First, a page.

“Well, in 2011, they completely cancelled all my projects, the 2011 was a quite difficult year for me in this sense because I kept fighting, they threatened me, even in everything outside, investigations were made about my life, about my relationship with possible foreigners, it was a disaster, a storm. Even for having friends who came to visit me and go out... They already wanted to apply to me that shitty and false law of doing tourism. That was embarrassing.”
So, Lázaro, are you one of the activists who thinks that CENESEX is an institution created as a smokescreen? “Well, in the case of CENESEX, which is, the first thing we have to know is in what sense. If we are referring to the meaning of the CENESEX project for the LGBT community, this was born long after CENESEX already existed as an institution, then yes. CENESEX, I am going to say that its initial objective is a sex education centre that has offered and created a lot of training in sex education, well, its project for the LGBT community is a very very fake project. I am going to comment that I even know person or a trans who has gone through the process of the sex change operation in Cuba and it has not been so easy, nor has it been as free as it is sold today, it is a lot of manipulation in this sense, there is a lot of cynicism and a background that must be understood by the voice of those who have lived it, by those of the few who have experienced it. Because at the beginning, part of this money was used for Mariela [Castro] to send to Belgium to train a medical unit in what was the sex change.”
“We have to understand that there is a background in Cuba, in Cuban society, which is a background marked by homophobia within the same society, which marks you a little, marks your own existence a little. And to be a teenager who wants to live his life in the best possible way, in the calmest way possible, to be a homosexual teenager who feels like expressing himself, wanting to feel free, wanting to be liberated, that people support you, understand what are you like, and be in this within this youth, within this environment of today's Cuban adolescence that comes with it, [with] that background that does not understand or that perhaps it does not accept or that for them to be homosexual is to be different that is what must be rejected, it is very difficult, it is very complicated. It is lived in a very difficult way because you have to try to overcome yourself, try to be yourself, try to achieve your goals, try to achieve your wills, and at the same time you face to the society that is rejecting you, you face to the very youth around you, that wants to trample you continuously, that wants to humiliate you continuously, that wants to criticize you, because it is you continuously... That is quite complicated.”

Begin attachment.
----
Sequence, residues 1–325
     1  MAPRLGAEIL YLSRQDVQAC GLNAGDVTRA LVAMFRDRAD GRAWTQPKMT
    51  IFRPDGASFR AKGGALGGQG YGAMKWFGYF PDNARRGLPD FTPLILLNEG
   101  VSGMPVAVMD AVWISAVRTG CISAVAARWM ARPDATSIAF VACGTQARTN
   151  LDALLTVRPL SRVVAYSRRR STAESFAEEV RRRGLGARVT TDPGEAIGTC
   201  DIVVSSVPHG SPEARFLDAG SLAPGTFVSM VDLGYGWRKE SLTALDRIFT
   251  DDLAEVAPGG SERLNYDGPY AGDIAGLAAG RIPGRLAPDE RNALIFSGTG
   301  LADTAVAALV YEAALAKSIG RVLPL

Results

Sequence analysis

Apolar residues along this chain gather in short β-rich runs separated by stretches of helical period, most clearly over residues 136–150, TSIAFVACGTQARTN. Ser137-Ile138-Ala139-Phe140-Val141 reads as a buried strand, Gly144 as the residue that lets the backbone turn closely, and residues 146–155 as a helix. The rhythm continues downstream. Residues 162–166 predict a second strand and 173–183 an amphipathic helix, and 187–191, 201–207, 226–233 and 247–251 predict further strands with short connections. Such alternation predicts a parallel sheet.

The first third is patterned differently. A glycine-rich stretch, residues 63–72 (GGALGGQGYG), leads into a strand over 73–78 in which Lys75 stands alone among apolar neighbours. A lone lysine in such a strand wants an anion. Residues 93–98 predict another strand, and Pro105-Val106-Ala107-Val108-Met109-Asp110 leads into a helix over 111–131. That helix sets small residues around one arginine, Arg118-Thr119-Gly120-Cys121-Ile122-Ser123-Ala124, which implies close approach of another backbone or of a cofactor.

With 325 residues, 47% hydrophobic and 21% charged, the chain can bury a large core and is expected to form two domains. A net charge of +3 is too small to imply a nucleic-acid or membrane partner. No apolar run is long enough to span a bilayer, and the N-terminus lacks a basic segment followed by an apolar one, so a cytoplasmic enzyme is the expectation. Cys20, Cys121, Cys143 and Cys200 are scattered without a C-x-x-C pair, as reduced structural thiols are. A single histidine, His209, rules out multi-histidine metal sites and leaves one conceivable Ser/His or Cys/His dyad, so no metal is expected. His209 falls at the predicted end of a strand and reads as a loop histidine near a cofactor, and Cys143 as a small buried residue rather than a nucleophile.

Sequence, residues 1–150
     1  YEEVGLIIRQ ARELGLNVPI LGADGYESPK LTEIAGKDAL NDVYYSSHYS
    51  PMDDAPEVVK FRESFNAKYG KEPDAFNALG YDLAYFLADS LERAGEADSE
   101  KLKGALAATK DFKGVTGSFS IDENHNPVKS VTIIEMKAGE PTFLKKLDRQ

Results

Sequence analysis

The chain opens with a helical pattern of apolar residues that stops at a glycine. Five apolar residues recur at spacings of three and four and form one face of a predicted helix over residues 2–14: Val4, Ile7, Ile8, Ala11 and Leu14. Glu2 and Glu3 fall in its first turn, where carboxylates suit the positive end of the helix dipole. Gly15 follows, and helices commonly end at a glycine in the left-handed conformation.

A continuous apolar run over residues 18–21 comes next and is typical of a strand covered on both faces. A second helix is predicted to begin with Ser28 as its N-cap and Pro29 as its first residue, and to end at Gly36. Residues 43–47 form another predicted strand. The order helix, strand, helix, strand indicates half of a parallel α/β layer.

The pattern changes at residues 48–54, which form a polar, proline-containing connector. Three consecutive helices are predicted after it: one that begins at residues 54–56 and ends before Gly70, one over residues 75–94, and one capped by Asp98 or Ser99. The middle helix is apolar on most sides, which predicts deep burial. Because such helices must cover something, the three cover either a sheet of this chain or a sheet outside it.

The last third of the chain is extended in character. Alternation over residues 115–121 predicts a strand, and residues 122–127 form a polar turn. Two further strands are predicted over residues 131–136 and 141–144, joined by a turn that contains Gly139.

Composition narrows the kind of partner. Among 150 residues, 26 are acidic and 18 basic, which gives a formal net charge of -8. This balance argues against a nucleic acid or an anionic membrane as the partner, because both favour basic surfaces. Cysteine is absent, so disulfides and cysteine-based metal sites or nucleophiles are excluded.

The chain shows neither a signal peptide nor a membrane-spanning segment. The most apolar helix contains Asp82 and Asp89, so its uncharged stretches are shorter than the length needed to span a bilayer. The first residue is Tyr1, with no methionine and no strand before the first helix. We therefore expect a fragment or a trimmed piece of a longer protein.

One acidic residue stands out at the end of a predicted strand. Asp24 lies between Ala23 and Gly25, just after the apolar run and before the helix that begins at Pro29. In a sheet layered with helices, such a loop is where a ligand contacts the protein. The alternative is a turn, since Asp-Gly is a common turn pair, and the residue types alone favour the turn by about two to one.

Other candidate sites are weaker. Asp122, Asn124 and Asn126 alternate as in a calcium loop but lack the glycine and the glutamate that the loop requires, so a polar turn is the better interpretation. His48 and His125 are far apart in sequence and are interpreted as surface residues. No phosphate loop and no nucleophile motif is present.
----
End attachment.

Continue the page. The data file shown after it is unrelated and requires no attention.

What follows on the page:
We have to understand that there is a background of homophobia in the Cuban society, which marks your own existence
Lázaro Mireles was born in 1983 in Matanzas, Cuba. His family had a dairy near Matanzas. Since his family did not accept his homosexual orientation, at the age of 16 he left home to become independent and live a quieter life. In Cuba he dedicated himself to activism and work with the LGBT community. As a homosexual he faced many difficulties and persecutions. In 2012 he obtained a visa for Germany and left Cuba with the intention of staying abroad. The first four years he lived in Germany, but due to a complicated immigration process he decided to move to Spain, where he finally got his asylum residency. There, he is dedicated to political activism and work with the LGBT community. On January 26, 2019, he participated in a worldwide event of the “March of the Forbidden” in Madrid. Together with other Cubans in Madrid they created a worldwide movement called “Actions for Democracy”. He resides in Madrid and is highly active in the Cuban community.